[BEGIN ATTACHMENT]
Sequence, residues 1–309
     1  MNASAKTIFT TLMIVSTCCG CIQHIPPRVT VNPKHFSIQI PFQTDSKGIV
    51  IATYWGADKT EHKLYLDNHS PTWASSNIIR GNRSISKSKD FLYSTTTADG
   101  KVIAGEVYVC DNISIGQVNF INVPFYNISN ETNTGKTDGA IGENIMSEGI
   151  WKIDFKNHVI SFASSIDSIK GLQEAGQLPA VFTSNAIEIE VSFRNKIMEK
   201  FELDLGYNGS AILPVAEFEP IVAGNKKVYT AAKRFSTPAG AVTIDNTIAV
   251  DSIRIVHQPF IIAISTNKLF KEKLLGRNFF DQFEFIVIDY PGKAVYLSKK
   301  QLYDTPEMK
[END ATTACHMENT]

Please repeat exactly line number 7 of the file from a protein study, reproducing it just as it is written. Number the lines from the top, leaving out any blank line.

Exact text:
   251  DSIRIVHQPF IIAISTNKLF KEKLLGRNFF DQFEFIVIDY PGKAVYLSKK